The forcing of 25-knot winds at Hickam and Andersen AFB
Smith, Scott G.
Nuss, Wendell A.
Harr, Patrick A.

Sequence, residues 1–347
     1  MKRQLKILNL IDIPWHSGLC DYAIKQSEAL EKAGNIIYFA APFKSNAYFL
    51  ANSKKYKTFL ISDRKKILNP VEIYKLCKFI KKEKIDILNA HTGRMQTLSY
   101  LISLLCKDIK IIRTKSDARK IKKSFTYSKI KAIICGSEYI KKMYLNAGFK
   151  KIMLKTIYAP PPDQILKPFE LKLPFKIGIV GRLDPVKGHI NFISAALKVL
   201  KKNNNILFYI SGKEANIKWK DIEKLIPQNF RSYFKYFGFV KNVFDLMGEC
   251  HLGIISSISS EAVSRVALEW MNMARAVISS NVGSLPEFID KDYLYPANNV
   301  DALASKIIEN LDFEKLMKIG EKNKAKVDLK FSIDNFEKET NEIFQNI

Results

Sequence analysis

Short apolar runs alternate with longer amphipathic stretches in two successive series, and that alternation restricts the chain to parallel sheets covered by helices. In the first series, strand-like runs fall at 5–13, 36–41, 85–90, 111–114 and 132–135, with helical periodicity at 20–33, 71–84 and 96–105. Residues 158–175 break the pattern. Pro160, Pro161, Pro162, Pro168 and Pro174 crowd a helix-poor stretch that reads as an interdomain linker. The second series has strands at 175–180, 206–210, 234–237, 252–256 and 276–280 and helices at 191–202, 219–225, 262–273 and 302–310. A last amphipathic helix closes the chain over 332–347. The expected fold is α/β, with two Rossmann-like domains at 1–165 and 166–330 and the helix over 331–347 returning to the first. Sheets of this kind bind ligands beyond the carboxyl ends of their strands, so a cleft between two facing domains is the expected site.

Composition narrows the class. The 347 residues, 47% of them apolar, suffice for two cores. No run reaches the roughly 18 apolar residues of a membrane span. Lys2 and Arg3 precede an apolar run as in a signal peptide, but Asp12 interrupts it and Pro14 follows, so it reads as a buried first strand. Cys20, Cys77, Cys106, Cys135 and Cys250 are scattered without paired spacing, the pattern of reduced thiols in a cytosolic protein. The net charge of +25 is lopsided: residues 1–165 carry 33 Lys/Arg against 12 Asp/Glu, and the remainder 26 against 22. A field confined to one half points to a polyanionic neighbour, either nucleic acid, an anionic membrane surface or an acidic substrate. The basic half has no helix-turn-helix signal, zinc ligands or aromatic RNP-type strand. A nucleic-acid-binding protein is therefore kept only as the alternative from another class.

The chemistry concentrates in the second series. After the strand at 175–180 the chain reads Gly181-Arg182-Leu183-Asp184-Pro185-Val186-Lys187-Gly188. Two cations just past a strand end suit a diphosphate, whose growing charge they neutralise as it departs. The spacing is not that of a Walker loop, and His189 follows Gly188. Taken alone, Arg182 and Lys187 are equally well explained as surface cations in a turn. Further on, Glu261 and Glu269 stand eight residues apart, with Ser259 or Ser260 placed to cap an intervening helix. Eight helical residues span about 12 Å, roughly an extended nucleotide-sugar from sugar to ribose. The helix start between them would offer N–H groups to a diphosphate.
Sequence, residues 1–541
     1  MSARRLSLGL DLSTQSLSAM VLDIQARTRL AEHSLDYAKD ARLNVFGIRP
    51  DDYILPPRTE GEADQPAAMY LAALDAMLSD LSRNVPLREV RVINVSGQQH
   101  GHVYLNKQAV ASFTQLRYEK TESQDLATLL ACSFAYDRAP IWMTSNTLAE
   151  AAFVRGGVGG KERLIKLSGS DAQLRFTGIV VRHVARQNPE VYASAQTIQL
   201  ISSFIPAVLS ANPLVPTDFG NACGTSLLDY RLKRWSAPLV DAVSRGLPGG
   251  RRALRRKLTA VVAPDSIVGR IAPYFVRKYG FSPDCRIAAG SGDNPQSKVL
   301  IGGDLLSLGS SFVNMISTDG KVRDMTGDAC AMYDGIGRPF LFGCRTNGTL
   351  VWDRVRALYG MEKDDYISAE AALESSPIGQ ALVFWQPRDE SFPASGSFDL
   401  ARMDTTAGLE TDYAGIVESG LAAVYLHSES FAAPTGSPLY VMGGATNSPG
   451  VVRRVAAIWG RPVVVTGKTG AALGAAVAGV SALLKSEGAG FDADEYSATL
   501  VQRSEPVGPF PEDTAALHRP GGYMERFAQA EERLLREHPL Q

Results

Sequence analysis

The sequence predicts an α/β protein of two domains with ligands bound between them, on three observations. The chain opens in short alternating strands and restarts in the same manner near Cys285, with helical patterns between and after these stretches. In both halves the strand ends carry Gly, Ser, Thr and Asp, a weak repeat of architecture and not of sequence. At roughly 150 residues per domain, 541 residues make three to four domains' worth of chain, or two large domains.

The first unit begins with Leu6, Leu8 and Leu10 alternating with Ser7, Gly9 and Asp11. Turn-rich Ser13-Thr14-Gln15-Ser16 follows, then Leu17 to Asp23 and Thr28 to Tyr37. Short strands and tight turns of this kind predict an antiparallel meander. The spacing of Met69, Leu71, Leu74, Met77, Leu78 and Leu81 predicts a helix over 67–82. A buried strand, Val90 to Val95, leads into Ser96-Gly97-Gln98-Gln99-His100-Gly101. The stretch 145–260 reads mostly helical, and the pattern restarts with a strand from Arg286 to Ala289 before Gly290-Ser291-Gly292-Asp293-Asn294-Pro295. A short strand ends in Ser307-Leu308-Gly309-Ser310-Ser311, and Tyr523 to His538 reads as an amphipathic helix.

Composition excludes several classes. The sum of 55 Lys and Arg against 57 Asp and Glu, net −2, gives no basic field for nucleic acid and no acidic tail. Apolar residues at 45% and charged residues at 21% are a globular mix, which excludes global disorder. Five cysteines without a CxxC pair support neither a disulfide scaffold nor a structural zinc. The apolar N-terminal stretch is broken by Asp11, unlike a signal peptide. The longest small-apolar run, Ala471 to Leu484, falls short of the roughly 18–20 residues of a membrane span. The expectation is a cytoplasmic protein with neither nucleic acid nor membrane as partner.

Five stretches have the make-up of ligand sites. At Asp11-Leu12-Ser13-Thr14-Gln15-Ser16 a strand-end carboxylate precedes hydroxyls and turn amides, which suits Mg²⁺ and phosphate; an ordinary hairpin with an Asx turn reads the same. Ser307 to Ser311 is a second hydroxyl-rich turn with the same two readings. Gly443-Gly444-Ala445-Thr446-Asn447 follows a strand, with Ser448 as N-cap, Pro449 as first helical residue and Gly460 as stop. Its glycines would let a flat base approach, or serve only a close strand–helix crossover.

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This study investigates synoptic scale regimes in the forcing of 25 knot winds at Hickam and Andersen AFB. Ten years of data from January 1996 through December 2005, as well as case studies from June, July and August of 2006 were considered for this study. Days were grouped together to isolate the events of trade wind flow only and to alleviate days where trade wind flow was interrupted by synoptic scale weather events or local weather phenomena. Of the approximately 3,650 days of observations, Hickam AFB had 258 days in which the winds gusted to or above 25 knots and 1,077 days in which the winds remained between 15 and 24 knots. Similarly, Andersen AFB had 99 days where the winds gusted to or above 25 knots and 448 days where the winds remained between 15 and 25 knots. These days were then combined in their respective lists and were compiled to create composite sea level pressure surface analyses, winds, temperature, dew point, and geopotential height for each list of days. Upon examination of the compiled charts, identifiable climatological regimes became evident for days in which the winds gust to or above 25 knots and when the winds remained between 15 and 24 knots. The climatological average for Hickam AFB for winds gusting to or above 25 knots consisted of the subtropical high located 894 miles almost due north of Hawaii and the strength of the high at 1024 mb. The subsequent gradient across Hawaii produced an average geostrophic flow of 15 m s-1 across. North to South cross sections of potential temperature and winds across Hawaii indicated low static stability and analyzed winds of 7-9 m s-1. The climatological average when the winds remained between 15 and 24 knots consisted of the subtropical high located much further east and with a strength of 1022 mb. This reduced the gradient across Hawaii and produced an average geostrophic flow of 11 m s-1. North to South cross sections indicated stronger static stability and analyzed winds of 5-7 m s-1. Similarly for Andersen AFB, the climatological average for winds gusting to or above 25 knots consisted of a protrusion of the Siberian High due north of Guam, approximately 1050 miles away. The strength of the high was 1018 mb causing a gradient that produced a geostrophic flow of 15 m s-1 across Guam. North to South cross sections again revealed lower static stability and higher wind speeds associated with this regime. For the climatological average when the winds remained between 15 and 24 knots, the Siberian High had retreated to the west allowing the gradient across Guam to decrease causing the geostrophic flow to drop to 10 m s-1.
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